IntroductionIn a 1984 report entitled Youth Unemployment in France: Recent Strategies, the Organization for Economic Cooperation and Development (OECD, 1984) provides a detailed critique of the French vocational education and job training (VET) effort and the failure of that effort to address the problem of an increasingly segmented labor market. The report’s authors laid blame for the foundering at the feet of the French educational system and its organizing principle:
Its main purpose seems to have been to select and train for the most important jobs in the country. The criteria of selection have predominantly been the talent for abstraction, the ability to simplify complex problems while leaving room for their complexities, and an overall knowledge of French history, philosophy and culture … One of the mainsprings of this system has been to let the best of each generation remain as long as possible in general education. The vocational training of this elite should therefore begin very late. It could then take place in special institutions, such as Les Grandes Écoles or on-the-job: for example, public administration in the Foreign Service. (OECD, 1984: 57–8)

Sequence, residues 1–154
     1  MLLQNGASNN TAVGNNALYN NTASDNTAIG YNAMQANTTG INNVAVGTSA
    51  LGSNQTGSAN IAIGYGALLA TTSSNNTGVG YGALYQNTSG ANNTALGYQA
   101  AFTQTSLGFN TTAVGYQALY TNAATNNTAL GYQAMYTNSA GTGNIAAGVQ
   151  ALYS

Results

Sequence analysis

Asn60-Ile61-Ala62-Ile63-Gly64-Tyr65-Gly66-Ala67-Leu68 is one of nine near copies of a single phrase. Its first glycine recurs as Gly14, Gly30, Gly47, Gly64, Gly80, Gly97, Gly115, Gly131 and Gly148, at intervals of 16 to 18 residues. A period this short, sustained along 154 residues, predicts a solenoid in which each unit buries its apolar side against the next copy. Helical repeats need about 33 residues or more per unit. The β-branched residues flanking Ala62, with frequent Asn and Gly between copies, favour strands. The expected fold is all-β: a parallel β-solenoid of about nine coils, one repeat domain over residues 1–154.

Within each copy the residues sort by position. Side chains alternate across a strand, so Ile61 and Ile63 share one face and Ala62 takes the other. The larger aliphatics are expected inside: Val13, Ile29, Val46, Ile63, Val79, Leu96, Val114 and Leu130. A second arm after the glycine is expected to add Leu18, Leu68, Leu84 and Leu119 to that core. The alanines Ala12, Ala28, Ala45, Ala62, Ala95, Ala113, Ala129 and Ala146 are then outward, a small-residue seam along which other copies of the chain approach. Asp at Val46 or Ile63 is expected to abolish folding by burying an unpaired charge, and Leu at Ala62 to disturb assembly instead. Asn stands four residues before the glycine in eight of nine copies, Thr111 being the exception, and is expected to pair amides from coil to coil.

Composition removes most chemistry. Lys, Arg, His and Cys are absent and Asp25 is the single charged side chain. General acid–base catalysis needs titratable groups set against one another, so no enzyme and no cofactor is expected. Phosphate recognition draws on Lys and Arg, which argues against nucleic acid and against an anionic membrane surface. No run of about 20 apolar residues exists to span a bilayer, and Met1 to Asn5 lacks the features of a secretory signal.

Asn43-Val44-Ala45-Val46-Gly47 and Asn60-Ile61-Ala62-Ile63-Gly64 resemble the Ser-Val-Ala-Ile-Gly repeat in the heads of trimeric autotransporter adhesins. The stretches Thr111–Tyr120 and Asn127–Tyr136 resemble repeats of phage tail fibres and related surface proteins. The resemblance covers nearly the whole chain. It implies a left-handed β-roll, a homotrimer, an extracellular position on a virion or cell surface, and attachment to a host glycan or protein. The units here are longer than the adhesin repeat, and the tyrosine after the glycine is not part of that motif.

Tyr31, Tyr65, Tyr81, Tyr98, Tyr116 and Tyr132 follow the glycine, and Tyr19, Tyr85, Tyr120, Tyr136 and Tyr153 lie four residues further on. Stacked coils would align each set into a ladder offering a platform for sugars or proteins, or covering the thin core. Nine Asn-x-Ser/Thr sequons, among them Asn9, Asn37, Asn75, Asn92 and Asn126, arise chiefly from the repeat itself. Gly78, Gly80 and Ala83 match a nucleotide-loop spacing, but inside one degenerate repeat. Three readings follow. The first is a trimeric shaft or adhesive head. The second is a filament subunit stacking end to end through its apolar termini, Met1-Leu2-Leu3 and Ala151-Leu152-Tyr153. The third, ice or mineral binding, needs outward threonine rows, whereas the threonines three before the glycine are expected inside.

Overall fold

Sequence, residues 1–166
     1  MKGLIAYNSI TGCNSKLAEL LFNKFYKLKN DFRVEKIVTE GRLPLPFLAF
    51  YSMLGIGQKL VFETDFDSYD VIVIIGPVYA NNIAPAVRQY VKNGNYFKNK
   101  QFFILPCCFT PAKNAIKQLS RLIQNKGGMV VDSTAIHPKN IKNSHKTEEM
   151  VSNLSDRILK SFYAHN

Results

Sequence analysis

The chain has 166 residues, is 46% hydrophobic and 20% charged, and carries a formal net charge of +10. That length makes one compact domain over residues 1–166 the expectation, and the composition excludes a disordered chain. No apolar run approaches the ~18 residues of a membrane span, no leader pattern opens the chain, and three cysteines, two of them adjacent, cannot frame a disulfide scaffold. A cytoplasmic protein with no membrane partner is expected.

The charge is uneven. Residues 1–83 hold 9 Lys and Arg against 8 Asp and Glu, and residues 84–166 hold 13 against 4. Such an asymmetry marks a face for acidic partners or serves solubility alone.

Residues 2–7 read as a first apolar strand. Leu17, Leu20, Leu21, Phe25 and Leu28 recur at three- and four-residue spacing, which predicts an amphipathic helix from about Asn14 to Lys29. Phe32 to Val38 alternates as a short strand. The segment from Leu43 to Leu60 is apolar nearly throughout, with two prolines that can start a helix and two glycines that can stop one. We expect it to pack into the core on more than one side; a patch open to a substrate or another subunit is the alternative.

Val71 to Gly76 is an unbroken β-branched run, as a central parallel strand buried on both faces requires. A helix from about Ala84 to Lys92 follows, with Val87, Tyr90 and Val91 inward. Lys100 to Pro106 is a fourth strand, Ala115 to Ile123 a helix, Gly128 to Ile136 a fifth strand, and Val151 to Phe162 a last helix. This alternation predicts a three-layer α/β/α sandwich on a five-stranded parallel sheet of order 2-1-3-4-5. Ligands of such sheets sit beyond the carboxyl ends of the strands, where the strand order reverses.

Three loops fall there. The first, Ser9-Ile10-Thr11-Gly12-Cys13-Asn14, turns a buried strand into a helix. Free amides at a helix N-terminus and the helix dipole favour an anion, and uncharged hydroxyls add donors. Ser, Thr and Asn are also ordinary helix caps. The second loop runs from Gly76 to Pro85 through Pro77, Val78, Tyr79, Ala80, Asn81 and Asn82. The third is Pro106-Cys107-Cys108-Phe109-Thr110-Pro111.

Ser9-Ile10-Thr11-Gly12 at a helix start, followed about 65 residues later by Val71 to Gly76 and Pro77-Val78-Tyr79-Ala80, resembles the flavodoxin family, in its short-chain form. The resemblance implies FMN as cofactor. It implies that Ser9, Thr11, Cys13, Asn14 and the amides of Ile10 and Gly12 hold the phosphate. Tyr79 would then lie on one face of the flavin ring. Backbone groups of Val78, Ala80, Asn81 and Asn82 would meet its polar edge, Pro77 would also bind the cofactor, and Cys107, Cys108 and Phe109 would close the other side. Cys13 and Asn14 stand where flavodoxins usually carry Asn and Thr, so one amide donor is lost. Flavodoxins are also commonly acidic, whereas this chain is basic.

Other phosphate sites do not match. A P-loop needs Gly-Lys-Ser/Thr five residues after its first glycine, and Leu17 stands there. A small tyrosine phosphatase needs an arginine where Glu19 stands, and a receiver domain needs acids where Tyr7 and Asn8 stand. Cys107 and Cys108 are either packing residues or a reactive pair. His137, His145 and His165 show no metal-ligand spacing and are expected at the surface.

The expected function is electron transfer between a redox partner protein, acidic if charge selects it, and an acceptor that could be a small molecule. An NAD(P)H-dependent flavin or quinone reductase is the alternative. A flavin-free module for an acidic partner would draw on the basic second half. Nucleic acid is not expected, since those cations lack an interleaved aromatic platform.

Hence, the idea of apprenticeship or technical, vocational training at an early age was viewed as an obstacle to social status and upward mobility. Moreover, as the report goes on to state, manual training has been regarded as second-class training, of less value than intellectual training (OECD, 1984: 93). Examples of poor quality vocational training sites follow, complete with poignant descriptions of inadequate tools, broken equipment, meager supplies, and the scant workplace knowledge of instructors.